“Quite honestly, we're leaning on a lot of their knowledge that they have that we don't have,” Porath said. “So that's an expertise that we don't have, but we think it's important that needs to be incorporated.”

FWS is working now on a cultural resources inventory report, Porath said, detailing the potentially impacted historical sites and including input from tribes and other organizations like History Nebraska.

Continuing resistance

A power line already crosses Dailey’s Sandhills ranch. NPPD came to do maintenance on a tower on one of his steep sand hills a few years ago.

Dailey told the workers to drive around the hill to avoid causing damage. When they came to do the work, Dailey said, the technicians didn’t listen.

“They climbed the hill and just tore up the side of that hill really bad,” Dailey said.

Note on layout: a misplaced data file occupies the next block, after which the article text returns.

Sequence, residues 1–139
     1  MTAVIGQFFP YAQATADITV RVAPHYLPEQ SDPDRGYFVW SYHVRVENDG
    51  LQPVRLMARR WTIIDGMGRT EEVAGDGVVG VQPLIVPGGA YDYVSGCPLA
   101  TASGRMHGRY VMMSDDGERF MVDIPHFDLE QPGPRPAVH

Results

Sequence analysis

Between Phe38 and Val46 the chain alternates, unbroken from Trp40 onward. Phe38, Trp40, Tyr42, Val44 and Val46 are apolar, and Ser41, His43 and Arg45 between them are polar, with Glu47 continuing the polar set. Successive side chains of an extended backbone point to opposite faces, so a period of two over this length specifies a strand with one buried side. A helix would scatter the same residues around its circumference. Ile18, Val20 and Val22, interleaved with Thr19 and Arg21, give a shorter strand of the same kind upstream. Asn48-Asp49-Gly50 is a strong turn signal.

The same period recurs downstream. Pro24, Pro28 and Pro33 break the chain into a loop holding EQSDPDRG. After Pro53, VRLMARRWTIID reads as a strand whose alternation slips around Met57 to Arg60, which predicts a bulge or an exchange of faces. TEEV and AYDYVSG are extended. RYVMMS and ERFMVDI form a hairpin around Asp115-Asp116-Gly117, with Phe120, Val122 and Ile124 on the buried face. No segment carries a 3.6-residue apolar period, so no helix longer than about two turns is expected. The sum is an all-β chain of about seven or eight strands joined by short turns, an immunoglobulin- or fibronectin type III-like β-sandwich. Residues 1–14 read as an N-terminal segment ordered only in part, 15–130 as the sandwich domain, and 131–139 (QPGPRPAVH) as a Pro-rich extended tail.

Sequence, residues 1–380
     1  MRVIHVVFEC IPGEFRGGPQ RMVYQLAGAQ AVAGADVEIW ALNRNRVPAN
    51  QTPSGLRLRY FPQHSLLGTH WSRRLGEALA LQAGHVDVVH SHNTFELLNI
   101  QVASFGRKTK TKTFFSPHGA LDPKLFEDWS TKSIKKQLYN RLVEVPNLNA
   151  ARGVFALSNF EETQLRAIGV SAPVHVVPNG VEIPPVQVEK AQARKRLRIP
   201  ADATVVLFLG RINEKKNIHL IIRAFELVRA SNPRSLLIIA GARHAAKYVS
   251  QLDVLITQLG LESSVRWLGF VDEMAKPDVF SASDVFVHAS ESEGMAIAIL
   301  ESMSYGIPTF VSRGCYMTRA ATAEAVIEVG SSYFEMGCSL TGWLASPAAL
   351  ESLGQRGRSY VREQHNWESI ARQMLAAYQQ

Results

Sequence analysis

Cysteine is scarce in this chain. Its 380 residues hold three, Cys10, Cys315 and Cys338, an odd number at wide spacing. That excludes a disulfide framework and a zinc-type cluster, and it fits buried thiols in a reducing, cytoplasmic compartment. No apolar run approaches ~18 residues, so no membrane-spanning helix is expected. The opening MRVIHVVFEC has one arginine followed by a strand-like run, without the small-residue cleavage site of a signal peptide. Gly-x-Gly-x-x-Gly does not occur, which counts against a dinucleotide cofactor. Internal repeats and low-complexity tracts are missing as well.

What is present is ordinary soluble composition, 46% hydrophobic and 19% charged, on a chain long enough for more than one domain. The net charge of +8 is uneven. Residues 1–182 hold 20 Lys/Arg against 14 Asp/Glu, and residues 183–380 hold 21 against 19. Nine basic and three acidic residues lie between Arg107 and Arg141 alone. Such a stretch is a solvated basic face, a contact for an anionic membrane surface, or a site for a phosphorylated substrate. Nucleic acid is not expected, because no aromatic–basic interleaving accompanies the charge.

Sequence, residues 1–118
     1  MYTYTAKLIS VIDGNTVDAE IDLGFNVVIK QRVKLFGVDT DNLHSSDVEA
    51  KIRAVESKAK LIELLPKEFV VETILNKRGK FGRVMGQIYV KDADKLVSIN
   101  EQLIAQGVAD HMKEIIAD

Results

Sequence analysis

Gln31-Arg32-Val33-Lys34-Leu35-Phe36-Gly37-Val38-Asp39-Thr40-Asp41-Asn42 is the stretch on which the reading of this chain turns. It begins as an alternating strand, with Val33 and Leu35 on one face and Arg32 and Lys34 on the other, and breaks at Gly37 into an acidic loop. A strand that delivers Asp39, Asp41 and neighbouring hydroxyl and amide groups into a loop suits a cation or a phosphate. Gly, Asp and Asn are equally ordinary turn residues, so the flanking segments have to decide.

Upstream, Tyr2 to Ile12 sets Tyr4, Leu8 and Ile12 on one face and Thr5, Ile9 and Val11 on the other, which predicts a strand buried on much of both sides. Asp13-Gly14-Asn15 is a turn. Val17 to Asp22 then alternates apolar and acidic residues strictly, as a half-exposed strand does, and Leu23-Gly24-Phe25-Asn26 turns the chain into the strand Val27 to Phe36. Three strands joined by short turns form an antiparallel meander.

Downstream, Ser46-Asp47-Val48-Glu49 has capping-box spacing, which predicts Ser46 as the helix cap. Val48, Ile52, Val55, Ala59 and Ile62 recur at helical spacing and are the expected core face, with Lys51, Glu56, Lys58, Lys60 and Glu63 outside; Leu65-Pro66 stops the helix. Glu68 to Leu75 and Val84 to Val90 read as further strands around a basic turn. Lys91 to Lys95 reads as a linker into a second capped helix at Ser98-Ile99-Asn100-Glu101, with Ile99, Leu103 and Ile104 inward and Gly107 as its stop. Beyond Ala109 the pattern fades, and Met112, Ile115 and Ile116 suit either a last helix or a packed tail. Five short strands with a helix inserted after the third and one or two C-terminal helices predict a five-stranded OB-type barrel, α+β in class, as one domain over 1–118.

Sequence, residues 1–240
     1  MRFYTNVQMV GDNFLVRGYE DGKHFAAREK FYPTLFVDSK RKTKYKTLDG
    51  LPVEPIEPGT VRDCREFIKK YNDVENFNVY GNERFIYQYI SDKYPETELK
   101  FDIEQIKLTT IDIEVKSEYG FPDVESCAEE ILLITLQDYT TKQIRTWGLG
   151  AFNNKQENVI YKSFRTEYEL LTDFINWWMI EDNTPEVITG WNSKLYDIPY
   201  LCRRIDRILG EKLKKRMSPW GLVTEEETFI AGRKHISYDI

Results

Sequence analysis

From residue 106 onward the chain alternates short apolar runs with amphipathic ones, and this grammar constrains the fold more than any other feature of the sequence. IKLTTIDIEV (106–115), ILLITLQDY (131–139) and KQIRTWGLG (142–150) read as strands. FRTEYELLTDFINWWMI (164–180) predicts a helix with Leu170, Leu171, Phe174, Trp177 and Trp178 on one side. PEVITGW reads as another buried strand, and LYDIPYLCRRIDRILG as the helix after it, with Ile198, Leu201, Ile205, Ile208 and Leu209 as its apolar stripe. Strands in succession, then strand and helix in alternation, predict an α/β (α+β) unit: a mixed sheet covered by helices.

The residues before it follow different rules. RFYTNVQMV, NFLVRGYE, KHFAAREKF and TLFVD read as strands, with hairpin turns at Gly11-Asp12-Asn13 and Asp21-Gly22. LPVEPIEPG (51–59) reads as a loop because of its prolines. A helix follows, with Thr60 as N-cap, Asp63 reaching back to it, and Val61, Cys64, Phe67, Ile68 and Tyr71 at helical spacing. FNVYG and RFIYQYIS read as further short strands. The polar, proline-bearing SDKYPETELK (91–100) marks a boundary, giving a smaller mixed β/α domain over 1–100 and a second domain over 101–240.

NPPD offered to pay him for any damage, but Dailey didn’t want their money. He asked them to come out and restore it themselves, so they would understand how the R-Project might hurt the Sandhills.

Dailey and Steffen continue to refuse to sign the paperwork that would allow NPPD to build the line on their land.

“I'm just hoping and praying that something else comes up and stops them and they just abandon it,” Dailey said.

Steffen thinks that if the updated permit gets approved, the R-Project is likely to be challenged again in federal court.

The R-Project is 12 years old now, six years past its original completion date.

The fight appears far from over.

“Even if they … don't get challenged in federal court again … they're now looking at eight or nine years down the road from their initial planning and millions of dollars in increased expenditure to do it,” Steffen said.